In Arguing That the Secret Ted Agu Death Berkeley Campus Police Reports Should Not Be Released, University of California Ignored Key Evidence. So We Gave It to the Court Ourselves.

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by Irvin Muchnick


Late yesterday we published Concussion Inc.’s closing written argument to Alameda County Superior Court Judge Jeffrey Brand in the dispute over whether the University of California should be compelled to turn over a 141-page binder of Berkeley campus police reports in the extreme conditioning drill death of football player Ted Agu.

Agu perished on February 7, 2014. Two years later the UC Regents and the family came to a $4.75 million settlement of a wrongful death lawsuit, following exposure of the fact that the Alameda County medical examiner, from whom football team doctor Casey Batten had withheld information regarding Agu’s sickle cell trait, originally got the cause of death wrong.

In April 2017 this reporter sued the university under the California Public Records Act. Judge Brand, who tentatively ruled in our favor on this climactic issue of the campus police reports, has indicated he will make a final ruling in the next month.

In yesterday’s brief, we point out that the court had tasked UC with demonstrating that the disputed binder of documents should be protected under the statute’s exemption for law enforcement records on grounds of “reasonable suspicion of criminal activity.” Yet the university chose to make no mention at all of the report of the campus police officer on patrol, Stephanie Martinez, who was the department’s first responder when Agu fatally collapsed on a campus hillside. We submitted ourselves the deposition by Martinez in the family’s lawsuit; it is viewable at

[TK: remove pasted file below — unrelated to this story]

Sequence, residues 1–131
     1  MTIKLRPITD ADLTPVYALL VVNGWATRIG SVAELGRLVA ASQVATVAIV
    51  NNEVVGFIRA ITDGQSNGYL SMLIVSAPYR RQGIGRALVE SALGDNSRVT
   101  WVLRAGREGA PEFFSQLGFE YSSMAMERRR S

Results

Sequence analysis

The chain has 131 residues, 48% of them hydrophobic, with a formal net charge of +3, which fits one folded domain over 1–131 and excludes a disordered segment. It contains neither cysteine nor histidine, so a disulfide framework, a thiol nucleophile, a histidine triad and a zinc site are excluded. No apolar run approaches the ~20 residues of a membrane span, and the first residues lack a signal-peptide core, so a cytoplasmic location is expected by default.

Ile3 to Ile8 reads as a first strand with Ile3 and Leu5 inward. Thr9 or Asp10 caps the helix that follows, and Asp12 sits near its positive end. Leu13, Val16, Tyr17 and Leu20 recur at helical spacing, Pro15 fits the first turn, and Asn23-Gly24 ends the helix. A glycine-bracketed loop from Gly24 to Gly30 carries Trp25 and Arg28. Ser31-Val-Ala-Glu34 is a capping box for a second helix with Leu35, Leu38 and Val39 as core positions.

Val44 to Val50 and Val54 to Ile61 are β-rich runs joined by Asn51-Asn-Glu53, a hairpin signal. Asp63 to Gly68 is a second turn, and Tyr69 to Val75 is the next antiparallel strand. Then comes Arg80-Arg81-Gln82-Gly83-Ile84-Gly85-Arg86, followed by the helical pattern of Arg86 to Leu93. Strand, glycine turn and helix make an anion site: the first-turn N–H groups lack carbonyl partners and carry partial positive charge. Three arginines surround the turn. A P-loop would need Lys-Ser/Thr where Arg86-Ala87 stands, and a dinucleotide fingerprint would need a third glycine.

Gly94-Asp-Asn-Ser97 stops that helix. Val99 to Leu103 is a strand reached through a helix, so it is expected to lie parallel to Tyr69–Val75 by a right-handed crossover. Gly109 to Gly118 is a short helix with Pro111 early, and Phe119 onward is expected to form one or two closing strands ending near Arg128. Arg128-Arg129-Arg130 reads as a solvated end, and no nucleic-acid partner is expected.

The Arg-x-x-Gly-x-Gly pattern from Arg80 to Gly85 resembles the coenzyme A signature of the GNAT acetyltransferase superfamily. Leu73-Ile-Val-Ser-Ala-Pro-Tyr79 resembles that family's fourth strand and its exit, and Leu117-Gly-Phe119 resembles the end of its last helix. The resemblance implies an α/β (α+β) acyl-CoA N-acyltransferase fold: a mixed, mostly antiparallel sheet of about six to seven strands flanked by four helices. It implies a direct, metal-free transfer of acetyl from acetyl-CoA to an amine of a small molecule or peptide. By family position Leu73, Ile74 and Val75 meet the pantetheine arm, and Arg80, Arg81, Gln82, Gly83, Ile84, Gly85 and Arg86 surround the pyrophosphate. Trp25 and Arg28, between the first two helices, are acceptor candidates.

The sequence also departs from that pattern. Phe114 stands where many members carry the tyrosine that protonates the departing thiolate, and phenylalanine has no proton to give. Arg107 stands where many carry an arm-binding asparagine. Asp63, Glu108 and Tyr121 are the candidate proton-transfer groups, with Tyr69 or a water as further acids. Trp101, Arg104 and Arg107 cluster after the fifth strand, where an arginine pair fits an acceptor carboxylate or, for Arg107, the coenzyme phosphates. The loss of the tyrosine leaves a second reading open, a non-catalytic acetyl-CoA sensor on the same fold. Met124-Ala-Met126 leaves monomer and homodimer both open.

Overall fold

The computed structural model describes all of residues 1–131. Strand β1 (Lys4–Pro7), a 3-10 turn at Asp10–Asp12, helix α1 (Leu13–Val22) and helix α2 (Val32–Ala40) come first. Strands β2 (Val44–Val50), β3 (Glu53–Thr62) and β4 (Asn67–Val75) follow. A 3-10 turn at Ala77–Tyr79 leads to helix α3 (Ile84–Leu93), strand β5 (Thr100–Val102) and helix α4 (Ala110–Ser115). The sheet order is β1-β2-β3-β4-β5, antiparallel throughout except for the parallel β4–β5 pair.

As our attorney Roy Gordet wrote: “Because Respondent has avoided submitting any testimony of Officer Martinez and her notes, indeed Respondent has not even made a glancing reference to Officer Martinez, the person with the best knowledge of what Respondent did at the very inception of the campus police intervention at the scene, the conclusion is obvious: Officer Martinez’s testimony and her notes would be harmful to Respondent’s untenable position that the campus police presence in truth was an investigation into criminal activity or that there was a true criminal aspect to the investigation.”

Additionally, UC noted two post-Agu death university-commissioned reviews of the football strength and conditioning program — and represented them as “investigations” of the death by campus offices other than the police department — but did not share them with the court. So we did. Each report makes only passing reference to the death incident.

The very sparse report by Dr. Jeffrey Tanji is viewable at The table of contents of the subsequent report by Dr. Elizabeth Joy and Wayne Brazil is at; the full report is on the UC Berkeley website,


Complete headline links to our Ted Agu series:

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Concussion Inc. - Author Irvin Muchnick